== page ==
I’ve been really encouraged by the response to Robert Peston’s documentary, Britain’s Banks: Too Big to Save?.
Lots of people are waking up to the problems at the core of our banking system, and like-minded campaigners are using the documentary to help spread the word.
For the Adam Smith Institute, Sam Bowman wrote
There’s a big debate on the right at the moment about the banks: naturally, most of us are sympathetic with private businesses, but people like Toby are making the argument that British banks are so closely interwound with the state that they can be better understood as semi-state bodies than private firms. If banks cannot make significant losses without being bailed out by the taxpayer, is it appropriate to think of them as creatures of capitalism or of the state? I honestly don’t know, but it’s a debate we need to have if we’re to make the necessary structural changes to the regulatory system to avoid another Great Recession like the one we are (hopefully) crawling out of now.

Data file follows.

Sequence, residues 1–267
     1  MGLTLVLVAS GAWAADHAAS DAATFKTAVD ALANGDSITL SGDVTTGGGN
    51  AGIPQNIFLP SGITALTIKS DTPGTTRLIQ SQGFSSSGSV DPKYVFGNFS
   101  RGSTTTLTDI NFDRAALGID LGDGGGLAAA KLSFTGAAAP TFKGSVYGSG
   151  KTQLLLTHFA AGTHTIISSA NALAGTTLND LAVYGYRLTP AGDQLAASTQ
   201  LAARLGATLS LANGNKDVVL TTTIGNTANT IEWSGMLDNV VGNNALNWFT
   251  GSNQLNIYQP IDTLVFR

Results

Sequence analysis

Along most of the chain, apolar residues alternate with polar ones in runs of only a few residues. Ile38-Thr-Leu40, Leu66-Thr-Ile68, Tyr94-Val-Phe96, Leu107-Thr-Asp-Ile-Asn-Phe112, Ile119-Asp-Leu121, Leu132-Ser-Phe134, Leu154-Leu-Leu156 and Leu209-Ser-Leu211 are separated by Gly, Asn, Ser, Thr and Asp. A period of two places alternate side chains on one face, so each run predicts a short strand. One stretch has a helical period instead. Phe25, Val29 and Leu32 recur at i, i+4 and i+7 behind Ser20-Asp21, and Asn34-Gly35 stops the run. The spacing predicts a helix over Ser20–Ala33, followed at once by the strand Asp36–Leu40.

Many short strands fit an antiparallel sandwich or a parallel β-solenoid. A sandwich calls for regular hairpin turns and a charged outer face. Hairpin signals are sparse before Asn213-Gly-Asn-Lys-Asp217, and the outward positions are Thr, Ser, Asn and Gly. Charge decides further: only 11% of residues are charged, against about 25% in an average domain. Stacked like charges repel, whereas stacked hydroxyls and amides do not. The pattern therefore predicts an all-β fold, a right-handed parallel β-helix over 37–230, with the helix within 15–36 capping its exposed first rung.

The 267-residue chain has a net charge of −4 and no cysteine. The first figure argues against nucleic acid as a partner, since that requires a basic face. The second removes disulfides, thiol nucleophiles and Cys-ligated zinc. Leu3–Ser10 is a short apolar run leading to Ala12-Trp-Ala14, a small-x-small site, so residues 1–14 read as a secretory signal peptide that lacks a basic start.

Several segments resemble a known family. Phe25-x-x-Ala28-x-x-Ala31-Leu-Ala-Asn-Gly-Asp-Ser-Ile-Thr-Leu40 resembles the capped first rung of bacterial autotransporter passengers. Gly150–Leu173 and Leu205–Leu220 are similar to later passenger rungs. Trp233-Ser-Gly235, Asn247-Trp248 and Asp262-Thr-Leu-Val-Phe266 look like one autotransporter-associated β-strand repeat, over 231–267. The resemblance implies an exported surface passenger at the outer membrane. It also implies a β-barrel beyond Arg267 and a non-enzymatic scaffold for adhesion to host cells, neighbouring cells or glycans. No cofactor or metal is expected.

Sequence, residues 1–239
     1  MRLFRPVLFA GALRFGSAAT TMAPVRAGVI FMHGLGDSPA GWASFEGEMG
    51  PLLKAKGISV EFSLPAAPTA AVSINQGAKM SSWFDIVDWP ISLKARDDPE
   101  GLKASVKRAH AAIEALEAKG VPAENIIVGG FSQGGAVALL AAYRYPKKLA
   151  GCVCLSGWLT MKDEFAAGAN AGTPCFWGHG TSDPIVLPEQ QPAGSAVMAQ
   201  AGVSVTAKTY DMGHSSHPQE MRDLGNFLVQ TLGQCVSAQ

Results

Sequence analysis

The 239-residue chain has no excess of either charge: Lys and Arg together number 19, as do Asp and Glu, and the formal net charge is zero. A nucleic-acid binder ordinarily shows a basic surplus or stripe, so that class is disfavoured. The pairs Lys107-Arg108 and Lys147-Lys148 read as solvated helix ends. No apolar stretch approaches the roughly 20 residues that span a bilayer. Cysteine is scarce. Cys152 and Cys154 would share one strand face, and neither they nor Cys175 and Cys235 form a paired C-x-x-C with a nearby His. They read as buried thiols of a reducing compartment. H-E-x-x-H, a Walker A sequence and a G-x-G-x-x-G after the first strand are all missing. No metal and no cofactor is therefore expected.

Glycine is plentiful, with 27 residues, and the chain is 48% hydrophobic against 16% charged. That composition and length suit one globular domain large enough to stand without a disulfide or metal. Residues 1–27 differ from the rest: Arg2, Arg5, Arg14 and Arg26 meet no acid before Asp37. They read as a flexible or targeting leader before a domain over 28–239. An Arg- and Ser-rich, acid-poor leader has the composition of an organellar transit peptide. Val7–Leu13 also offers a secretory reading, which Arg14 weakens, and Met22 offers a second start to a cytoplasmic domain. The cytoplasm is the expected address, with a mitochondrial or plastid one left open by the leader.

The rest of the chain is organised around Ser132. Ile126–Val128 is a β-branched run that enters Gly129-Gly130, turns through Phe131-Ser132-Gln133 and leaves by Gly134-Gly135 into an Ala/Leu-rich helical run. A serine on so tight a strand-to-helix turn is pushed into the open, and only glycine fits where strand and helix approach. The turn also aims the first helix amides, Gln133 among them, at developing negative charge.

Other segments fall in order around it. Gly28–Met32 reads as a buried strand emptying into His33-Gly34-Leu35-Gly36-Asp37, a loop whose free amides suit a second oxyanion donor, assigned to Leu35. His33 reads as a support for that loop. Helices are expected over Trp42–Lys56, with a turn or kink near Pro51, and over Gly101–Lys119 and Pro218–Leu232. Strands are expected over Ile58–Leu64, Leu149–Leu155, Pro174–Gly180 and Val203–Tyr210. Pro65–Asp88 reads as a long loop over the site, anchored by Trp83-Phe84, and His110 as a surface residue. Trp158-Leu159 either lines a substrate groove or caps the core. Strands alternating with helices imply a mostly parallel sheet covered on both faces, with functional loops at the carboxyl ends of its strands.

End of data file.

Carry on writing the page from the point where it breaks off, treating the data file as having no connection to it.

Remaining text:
Meanwhile, Josh Ryan-Collins at the New Economics Foundation expounded the benefits of a 100% reserve system:
An economy running on this kind of foundation should be less prone to pro-cyclical tendencies (boom and bust) and less inflationary (house price inflation in particular) than an economy based on fractional-reserve banking. And the enormous, tax-payer underwritten banks that currently monopolise credit creation would be bought back down to size, enabling greater competition and diversity in our banking sector.
Monetary reform is an idea that should appeal to people from all across the political spectrum. It is an idea whose time has come.